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Summer in Emmitsburg

Cheryl Ashbaugh-White

In the 60's there was not a lot to do in Emmitsburg for teenagers, or so I thought. On a typical Friday evening my cousin, Carole Weidner and I would hang out around the Bowling Alley and watch her Dad bowl on his league. Teenagers could forget about renting a lane on Friday or Saturday evening for bowling. The lanes were all reserved with leagues. If there was a good movie we would go to GEM theatre. Of course, by the time the movies came to the GEM they were several months old.

That was okay; it was our first time seeing the movie. Carole and I weren't allowed yet to go to the drive-in movies, but we always found a way around the rule and a bunch of us would pile into a car and go. Occasionally, I would sneak into the pool hall, which was on the corner square. My Grandma didn't like me going into the pool hall. When she found out, I would get into BIG TROUBLE. I got my first lesson in shooting pool from Dick Hartman.

In the summer there was a carnival every weekend in a surrounding town. My Grandma, cousin Carole, and I would pile into Grandma's station wagon and Aunt Tiny would drive us to Rocky Ridge or Taneytown. I would spend the evening hanging around the carnival riding on the rides, watching the grownups play bingo or just shooting the breeze with the carnival employees. The swings were my favorite and I would ride them for hours letting my long hair blow in the wind and daydream. When the carnival came to Emmitsburg, Carole and I would go down in the morning and watch them setup the rides and game booths.

The carnival was always setup on the field next to the shoe factory. We would spend hours talking (or maybe it was more flirting) with the rough looking young guys that were setting up. We usually got free rides when the carnival would open that evening. I thought how adventuresome it would be to go from town to town all summer on a job. I even thought it would be fun to run away and join the carnival.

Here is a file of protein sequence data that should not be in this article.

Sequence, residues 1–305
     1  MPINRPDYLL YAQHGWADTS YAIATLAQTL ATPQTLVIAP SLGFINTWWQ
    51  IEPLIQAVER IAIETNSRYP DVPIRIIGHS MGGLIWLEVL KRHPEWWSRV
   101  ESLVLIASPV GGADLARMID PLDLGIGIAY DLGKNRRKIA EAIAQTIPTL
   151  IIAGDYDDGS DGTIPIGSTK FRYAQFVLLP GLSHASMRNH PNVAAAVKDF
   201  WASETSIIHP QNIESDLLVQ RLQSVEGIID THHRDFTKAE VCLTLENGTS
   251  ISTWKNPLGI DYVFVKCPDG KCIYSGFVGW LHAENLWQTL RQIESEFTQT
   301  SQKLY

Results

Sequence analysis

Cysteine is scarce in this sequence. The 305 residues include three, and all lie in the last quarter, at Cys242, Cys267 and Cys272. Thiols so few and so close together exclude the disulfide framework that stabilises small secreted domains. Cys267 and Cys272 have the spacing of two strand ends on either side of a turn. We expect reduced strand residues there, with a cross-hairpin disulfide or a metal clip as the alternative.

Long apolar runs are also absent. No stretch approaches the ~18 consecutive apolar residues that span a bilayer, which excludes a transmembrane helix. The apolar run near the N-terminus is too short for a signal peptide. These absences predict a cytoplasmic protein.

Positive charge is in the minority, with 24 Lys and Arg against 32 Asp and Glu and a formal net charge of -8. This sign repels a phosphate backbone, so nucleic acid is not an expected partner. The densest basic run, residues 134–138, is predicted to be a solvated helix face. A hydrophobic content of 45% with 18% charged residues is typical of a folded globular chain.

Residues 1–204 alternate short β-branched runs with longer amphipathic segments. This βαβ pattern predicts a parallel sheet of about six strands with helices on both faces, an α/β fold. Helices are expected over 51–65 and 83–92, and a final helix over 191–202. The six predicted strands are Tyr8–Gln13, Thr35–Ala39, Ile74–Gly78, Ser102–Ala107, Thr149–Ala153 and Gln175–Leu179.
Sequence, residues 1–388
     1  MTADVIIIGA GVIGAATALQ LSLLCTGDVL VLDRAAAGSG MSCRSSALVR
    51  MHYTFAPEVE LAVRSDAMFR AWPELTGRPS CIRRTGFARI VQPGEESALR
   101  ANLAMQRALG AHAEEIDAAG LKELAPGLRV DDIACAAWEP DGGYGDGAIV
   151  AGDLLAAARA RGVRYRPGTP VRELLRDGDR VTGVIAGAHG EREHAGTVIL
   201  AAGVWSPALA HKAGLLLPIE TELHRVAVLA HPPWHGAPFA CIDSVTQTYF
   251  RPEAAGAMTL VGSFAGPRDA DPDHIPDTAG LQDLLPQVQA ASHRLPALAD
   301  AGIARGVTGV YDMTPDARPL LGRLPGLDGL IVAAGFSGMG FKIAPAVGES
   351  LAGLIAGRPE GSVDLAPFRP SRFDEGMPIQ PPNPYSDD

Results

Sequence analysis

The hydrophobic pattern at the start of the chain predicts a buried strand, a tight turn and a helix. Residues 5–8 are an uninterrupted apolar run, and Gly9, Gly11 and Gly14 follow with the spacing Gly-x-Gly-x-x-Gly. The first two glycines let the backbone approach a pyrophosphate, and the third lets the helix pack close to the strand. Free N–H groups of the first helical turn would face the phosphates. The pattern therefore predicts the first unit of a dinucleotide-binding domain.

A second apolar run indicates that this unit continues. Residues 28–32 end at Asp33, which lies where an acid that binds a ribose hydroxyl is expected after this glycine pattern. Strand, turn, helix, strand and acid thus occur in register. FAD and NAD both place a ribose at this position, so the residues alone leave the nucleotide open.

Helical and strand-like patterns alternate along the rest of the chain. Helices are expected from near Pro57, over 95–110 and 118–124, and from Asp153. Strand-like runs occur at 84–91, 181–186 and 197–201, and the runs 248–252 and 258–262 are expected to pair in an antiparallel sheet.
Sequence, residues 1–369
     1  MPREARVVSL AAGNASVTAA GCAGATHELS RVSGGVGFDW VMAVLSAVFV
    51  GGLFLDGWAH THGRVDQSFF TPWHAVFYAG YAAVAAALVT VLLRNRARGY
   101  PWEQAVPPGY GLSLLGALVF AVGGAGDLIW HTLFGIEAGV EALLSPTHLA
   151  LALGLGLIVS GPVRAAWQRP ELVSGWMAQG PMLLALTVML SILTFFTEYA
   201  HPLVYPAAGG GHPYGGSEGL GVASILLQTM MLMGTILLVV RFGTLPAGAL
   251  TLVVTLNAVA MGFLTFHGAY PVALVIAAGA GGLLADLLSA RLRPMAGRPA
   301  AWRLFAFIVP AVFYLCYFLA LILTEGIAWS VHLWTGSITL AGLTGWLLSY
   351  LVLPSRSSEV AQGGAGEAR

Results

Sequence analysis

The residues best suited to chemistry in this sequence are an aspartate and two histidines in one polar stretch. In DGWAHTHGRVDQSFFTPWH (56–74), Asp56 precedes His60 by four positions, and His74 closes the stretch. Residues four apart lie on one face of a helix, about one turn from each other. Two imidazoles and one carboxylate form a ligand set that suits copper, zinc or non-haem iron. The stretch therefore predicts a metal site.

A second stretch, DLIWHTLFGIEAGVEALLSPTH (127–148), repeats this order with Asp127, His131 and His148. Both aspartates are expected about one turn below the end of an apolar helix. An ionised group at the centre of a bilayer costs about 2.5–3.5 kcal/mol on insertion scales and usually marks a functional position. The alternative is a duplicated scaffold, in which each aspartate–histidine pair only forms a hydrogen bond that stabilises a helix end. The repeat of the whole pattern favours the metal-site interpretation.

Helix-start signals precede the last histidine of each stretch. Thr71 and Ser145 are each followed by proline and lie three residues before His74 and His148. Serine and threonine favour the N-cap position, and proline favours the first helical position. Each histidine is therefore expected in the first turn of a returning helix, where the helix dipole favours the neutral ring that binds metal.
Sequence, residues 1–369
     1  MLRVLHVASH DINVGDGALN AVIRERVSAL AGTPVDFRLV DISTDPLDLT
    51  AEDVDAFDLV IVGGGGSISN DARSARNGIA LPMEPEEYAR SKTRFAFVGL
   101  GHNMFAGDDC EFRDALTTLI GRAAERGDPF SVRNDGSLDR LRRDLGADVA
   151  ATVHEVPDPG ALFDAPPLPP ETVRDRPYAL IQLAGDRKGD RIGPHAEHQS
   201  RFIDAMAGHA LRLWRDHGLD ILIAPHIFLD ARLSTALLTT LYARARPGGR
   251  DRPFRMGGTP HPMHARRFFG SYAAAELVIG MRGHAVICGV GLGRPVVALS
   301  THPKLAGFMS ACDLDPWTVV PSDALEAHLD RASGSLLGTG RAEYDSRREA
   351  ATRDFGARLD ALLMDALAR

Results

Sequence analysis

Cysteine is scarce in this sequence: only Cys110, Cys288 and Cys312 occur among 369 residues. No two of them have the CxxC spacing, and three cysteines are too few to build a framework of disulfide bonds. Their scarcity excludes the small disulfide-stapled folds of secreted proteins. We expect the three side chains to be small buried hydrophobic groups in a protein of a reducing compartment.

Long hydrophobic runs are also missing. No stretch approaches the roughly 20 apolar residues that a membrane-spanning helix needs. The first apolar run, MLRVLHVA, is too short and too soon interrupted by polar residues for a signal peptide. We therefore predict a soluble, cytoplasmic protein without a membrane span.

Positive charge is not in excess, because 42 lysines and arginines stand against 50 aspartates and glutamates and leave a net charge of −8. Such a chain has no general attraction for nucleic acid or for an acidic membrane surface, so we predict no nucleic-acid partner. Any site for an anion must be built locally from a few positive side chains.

Then there were the regular St Joseph's bingo games on the front lawn of the church. They were attended by the older generation in town, but Carole and I would usually go over and listen to the grownup's gossip. I even played one time and won a cake tin holder.

Carole and I spent a lot of our summer days sitting in the rockers or on the railing of Grandma's front pouch watching the cars go by. Back then, they didn't have the bypass around Emmitsburg and all the trucks and cars going across the Pennsylvania line towards Gettysburg would pass Grandma's house on North Seton Avenue. Carole and I would sit in Grandma's old rockers on Saturdays and Sundays and count the out of state license plates. We especially liked watching the military convoys go by. The soldiers would yell and wave, and of course we would yell and wave back. We would also watch the local boys cruise around in their cars. I still remember Jimmie Wastler 's two-toned turquoise Chevy BelAir and Johnny Knott's black Ford Fairlane. Sometimes they would stop and pick us up to go cruising with them.

There wasn't a lot of work in town in the sixties for teenagers however, when summer came around a lot of the boys would go fruit picking. The cherry orchard paid fifty cents a bucket. Well, I had this bright idea that Carole and I could do it too. See, I was and still am, one of those girls that think they can do just as much as the guys can. My Grandma was totally against it, but like usual, I could talk her into about anything. One day during the summer of 1965, Carole and I went cherry picking up at Catoctin Orchards. We got up around the break of dawn to catch the old jalopy looking truck that would take us up to the orchard. There were about ten guys piled into the back of the truck and we were the only 2 girls that day. We knew most of them, so it was okay.

So, off we went to climb ladders and pick. In the morning it wasn't too bad, but by midday it was so hot with the sun beating down on you. The sweat was rolling off my forehead and I could hardly keep it out of my eyes. I had cherry juice all over my clothes, arms, and legs. Not only that, but the bees were swarming around. It seemed like it took hours to fill a bucket, for us it did. I think we ate as many cherries as we put in the bucket. By the time the truck came to pick us up and count the buckets we had picked that day, we had a total of two! This was a lot of work for only a dollar. I look back on that time and we probably did more talking, goofing off, and flirting than picking. That evening on the way home we decided we really didn't need the money. The next morning we slept in.